Surekha Ragavan
Jun 3, 2019

The tricky feat of managing meal spend

As travellers seek more personalised meal options on business trips and meetings, companies should play catch up.

The tricky feat of managing meal spend

Eating on a business trip is not always as simple as grabbing a sandwich off a convenience store shelf or casually swiping the company credit card for a five-course meal. These days, challenges may include healthy options nearby your hotel or meeting venue, attempts to look for local cuisines or specialities, and using a payment system of your choice. But perhaps the first variable that crosses our mind when deciding on a place to eat is price. Will the meal price stay within reimbursement limits?

American Express Global Business Travel (AMEX GBT) released a report to understand meal spend and provide savings solutions for companies. The report said that among all the facets of business travel spend, meal spend was the least managed within a travel and expense (T&E) policy.

“Often, even if the meal spend is visible and traceable, procurement managers do not know how to manage it," the report said. "There is usually a lack of awareness on how savings can be driven from meal spend management while also making the process more convenient for business travellers and employees to search, select, and review the most suitable meal options for business travel and meetings."

One way to better manage this is to consolidate meal spend with a T&E policy – and a common way to do this is to introduce meal spend limits or per diem allowances. According to the report, most firms researched set meal limits according to an employee’s home or origin country for business travellers.

“We find that per diem policies are most common in Europe and North America, while in APAC, it’s a mix of per diem and actual spend reimbursement policies,” Harris Manlutac, head of consulting, APAC, Global Business Consulting, AMEX GBT, told CEI.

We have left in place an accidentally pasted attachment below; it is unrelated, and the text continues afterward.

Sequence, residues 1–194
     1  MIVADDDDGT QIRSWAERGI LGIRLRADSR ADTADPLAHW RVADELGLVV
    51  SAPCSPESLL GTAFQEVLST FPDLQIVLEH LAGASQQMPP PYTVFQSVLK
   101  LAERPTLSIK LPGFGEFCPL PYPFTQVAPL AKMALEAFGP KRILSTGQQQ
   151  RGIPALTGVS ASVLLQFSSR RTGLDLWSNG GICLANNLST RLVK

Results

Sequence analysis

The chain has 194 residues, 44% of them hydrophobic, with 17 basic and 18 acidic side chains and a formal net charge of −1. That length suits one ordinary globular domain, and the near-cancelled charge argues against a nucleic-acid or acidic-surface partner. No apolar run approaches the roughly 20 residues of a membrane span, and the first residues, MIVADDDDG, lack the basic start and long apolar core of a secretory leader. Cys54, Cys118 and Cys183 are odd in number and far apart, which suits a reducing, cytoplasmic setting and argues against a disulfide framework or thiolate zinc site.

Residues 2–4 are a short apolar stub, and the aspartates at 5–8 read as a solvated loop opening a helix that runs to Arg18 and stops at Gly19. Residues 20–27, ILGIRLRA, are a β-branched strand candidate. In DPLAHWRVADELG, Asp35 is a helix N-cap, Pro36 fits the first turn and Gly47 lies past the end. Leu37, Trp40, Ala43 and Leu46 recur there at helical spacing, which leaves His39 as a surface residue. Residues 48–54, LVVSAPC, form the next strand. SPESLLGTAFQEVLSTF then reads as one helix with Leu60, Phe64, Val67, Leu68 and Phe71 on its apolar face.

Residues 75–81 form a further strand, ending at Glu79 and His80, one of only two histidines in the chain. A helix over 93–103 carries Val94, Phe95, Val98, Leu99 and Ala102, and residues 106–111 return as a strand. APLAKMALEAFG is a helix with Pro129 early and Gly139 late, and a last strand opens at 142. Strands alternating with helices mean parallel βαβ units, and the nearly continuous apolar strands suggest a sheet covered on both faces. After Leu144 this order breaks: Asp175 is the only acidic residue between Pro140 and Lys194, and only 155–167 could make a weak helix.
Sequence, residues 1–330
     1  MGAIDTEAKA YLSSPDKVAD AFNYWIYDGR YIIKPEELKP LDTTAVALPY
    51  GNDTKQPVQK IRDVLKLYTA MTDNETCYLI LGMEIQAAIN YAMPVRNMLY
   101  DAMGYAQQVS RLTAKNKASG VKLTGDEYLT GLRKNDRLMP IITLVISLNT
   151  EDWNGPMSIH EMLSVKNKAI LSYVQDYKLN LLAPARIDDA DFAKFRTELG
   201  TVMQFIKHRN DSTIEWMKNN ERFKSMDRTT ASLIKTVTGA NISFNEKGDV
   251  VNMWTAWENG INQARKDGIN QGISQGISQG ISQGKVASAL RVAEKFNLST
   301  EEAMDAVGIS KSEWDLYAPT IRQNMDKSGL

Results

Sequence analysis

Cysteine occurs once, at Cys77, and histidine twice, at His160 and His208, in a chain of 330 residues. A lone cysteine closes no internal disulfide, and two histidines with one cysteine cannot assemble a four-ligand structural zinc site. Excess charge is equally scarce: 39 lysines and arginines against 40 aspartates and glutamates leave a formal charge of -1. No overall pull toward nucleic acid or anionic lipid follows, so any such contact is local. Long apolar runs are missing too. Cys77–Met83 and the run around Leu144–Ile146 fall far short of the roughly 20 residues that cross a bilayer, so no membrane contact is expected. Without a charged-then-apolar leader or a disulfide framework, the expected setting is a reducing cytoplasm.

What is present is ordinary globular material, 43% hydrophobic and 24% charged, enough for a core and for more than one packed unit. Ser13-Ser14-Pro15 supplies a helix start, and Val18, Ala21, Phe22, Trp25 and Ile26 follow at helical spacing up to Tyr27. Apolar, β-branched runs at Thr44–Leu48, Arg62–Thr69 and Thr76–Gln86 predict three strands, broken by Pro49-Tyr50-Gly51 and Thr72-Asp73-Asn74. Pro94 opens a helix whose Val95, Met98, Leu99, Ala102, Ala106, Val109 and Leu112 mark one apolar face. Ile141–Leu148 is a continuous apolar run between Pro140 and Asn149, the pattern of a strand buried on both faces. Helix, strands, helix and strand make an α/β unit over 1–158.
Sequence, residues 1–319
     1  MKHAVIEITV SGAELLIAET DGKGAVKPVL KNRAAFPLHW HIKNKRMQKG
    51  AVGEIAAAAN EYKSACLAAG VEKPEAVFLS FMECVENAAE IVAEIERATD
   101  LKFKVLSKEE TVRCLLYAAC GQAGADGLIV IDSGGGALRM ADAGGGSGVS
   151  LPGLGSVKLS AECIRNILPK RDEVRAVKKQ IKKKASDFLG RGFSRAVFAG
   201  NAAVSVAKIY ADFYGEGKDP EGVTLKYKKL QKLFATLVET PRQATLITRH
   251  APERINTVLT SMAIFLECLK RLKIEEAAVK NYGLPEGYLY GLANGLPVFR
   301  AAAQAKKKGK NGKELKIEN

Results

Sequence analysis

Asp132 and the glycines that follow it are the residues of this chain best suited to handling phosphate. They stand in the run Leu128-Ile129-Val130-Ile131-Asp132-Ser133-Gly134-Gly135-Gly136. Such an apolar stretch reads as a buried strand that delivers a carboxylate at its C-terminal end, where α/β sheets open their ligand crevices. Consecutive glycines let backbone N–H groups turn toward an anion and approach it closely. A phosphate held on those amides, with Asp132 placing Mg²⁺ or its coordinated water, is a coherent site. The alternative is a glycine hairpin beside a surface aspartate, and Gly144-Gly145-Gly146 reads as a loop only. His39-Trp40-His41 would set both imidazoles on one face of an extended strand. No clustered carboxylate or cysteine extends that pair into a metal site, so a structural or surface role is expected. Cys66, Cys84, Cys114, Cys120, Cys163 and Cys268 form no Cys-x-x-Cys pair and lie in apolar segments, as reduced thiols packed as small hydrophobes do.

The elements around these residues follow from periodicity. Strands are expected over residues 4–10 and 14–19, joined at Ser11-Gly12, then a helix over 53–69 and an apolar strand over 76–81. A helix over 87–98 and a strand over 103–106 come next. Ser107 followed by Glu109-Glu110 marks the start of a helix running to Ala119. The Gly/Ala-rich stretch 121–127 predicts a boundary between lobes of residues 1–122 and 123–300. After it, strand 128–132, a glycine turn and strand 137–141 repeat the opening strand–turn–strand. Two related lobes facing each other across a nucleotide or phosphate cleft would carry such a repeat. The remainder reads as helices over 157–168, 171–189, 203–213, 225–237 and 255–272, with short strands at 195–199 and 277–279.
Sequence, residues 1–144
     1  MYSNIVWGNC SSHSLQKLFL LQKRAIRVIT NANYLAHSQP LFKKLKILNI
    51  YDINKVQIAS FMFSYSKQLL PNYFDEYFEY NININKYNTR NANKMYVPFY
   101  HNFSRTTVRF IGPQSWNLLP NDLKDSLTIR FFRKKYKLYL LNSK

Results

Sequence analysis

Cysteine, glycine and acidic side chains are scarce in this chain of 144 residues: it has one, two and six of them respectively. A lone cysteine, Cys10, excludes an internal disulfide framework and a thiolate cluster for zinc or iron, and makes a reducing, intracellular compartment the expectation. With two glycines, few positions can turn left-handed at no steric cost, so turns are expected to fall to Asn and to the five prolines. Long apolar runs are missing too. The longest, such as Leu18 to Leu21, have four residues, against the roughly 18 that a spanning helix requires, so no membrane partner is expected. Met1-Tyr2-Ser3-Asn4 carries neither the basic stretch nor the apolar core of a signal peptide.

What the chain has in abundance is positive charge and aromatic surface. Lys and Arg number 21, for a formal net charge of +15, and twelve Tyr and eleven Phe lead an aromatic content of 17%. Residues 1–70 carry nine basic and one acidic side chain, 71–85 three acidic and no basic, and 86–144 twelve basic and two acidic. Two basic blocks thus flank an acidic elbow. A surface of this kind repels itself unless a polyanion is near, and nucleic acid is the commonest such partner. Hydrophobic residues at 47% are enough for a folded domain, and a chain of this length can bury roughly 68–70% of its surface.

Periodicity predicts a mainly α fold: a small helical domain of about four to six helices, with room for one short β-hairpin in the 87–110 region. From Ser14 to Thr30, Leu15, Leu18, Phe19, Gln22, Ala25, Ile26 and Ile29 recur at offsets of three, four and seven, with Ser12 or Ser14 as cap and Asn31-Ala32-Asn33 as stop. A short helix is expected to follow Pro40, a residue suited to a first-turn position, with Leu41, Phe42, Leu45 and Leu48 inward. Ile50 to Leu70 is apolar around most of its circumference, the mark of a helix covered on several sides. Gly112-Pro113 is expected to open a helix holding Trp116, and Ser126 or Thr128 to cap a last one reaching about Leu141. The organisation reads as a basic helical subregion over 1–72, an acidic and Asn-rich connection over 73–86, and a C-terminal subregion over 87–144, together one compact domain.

“We find that this varies by organization size and industry. For companies allowing actual spend reimbursement, their policy typically would have the statement ‘at reasonable cost’ referring to meal spend.

However, setting per diem policies according to origin country of the traveller can be problematic especially for companies with offices across many regions. “This can create challenges when two employees from the same company travel to the same country and have vastly different per diem meal allowances. While standardised policies that set meal limits by destination rather than country origin may require a lot of work to get right, these policies are often viewed by staff to be more equitable,” said Manlutac.

Without standardisation, employees from different countries may have different meal limits, even when travelling to the same country. If the company’s lunch meal limit for travellers originating in the US is US$30, but the lunch limit set for travellers in France is equivalent to US$55, there will be a US$25 difference in what the employees from the US and France can spend on lunch when travelling to Singapore, for instance.

“Successful standardized meal policies are often based on the principle of ‘glocalisation’. In practice, the company still sets standard meal limits for each destination or type of venue, but allowing local exceptions to accommodate the traveller’s specific cultural needs. This would mean a traveller could spend above the limit on a particular meal, but would have to make sure they stay within their prescribed daily meal limit.”

This idea of ‘glocalisation’ of meal spend is a good way for companies to address variables such as cultural differences, food preferences, dining styles, age, and other demographics. Given that limited diets such as veganism and gluten-free diets are becoming increasingly common, companies must consider accommodating to these needs – and might not always come at a cost.